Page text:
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EcoHealth

, Volume 16, Issue 1, pp 21–60 | Cite as

Determinants of Cookstoves and Fuel Choice Among Rural Households in India

  • Vikas Menghwani
  • Hisham Zerriffi
  • Puneet Dwivedi
  • Julian D. Marshall
  • Andrew Grieshop
  • Rob BailisEmail author
Original Contribution

Abstract

Roughly 2.8 billion people depend on solid fuels for cooking needs, resulting in a tremendous burden of disease from exposure to household air pollution. Despite decades of effort to promote cleaner cooking technologies, displacement of polluting technologies has progressed slowly. This paper describes results of a randomized controlled trial in which eight communities in two regions of rural India were presented with a range of cooking choices including improved solid fuel stoves and clean cooking options like liquefied petroleum gas (LPG) and induction stoves. Using survey data and logistic and multinomial regression, we identify factors associated with two outcomes: (1) pre-intervention ownership of non-solid fuel technologies and (2) household preferences for clean fuels from the range of cooking options offered. The analysis allows us to examine the influence of education, wealth, gender empowerment, stove pricing, and stove exchanges, among other variables. The majority of participants across all communities selected the cleanest options, LPG and induction, irrespective of price, but there is some variation in preferences. Wealth and higher caste stand out as significant predictors of pre-intervention ownership and non-solid fuel cooking options as well as preference for cleaner technologies offered through the intervention. The experimental treatments also influence preferences in some communities. When given the opportunity to exchange, communities in one region are more likely to choose solid fuel stoves (P < 0.05). Giving free stoves had mixed results; households in one region are more likely to select clean options (P < 0.05), but households in the other region prefer solid fuels (P < 0.10).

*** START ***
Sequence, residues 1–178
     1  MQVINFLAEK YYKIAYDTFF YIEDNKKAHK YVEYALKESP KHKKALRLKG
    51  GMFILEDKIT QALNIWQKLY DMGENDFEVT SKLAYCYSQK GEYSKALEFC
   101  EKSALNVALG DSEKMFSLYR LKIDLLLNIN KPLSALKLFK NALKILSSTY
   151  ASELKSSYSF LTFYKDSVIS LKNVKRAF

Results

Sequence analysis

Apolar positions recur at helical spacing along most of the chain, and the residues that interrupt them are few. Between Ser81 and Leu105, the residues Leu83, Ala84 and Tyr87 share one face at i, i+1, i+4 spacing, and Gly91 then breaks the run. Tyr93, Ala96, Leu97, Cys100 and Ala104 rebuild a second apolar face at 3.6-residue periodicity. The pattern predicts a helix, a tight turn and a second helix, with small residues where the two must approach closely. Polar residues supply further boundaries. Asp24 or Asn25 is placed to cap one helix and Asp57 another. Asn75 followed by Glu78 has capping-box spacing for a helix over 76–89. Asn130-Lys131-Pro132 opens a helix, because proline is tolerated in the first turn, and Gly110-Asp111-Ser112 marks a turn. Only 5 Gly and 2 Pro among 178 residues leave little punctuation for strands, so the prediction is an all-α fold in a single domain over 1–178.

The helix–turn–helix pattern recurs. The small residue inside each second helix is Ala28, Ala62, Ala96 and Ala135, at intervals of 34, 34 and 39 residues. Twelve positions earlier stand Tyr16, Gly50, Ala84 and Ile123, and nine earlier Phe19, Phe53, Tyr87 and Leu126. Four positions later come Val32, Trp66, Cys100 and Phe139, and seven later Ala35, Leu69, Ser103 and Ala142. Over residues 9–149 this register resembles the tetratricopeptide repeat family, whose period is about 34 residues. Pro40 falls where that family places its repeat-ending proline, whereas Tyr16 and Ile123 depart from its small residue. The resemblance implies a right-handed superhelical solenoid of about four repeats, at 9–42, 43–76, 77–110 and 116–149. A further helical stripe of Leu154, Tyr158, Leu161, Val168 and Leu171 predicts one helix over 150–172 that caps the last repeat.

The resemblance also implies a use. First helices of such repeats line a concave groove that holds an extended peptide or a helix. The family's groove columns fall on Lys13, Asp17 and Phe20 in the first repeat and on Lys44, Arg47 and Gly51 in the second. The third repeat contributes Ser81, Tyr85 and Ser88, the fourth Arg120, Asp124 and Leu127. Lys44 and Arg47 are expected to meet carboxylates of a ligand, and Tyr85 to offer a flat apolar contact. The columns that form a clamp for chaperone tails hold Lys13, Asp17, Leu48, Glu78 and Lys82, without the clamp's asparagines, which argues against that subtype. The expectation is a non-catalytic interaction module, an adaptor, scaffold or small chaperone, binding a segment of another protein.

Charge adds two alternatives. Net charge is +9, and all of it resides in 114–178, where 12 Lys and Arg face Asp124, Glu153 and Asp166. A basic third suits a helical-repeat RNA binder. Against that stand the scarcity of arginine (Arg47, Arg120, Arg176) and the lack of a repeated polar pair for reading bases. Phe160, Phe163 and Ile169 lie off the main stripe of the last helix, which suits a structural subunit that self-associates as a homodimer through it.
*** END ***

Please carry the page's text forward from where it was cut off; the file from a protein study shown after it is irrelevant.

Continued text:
Keywords

Improved cookstoves (ICS) Household energy transition Biomass LPG Rural India Multinomial regression Logistic regression 

Notes

Acknowledgements

This article was developed under Assistance Agreement No. 83542102 awarded by the US Environmental Protection Agency (EPA) to Dr. Rob Bailis (with sub-award to Dr. Hisham Zerriffi) and received supplemental funding from the Global Alliance for Clean Cookstoves (award no. UNF-160798). It has not been formally reviewed by the EPA or GACC. The views expressed in this document are solely those of the authors and do not necessarily reflect those of the Agency or GACC. Neither EPA nor GACC endorses any products or commercial services mentioned in this publication.

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Copyright information

© EcoHealth Alliance 2019

Authors and Affiliations

  • Vikas Menghwani
    • 1
  • Hisham Zerriffi
    • 2
  • Puneet Dwivedi
    • 3
  • Julian D. Marshall
    • 4
  • Andrew Grieshop
    • 5
  • Rob Bailis
    • 6
    Email author
  1. 1.IRESUniversity of British ColumbiaVancouverCanada
  2. 2.Faculty of ForestryUniversity of British ColumbiaVancouverCanada
  3. 3.Warnell School of Forestry and Natural ResourcesUniversity of GeorgiaAthensUSA
  4. 4.Civil and Environmental EngineeringUniversity of WashingtonSeattleUSA
  5. 5.Department of Civil, Construction and Environmental EngineeringNorth Carolina State UniversityRaleighUSA
  6. 6.Stockholm Environment Institute – US CenterSomervilleUSA

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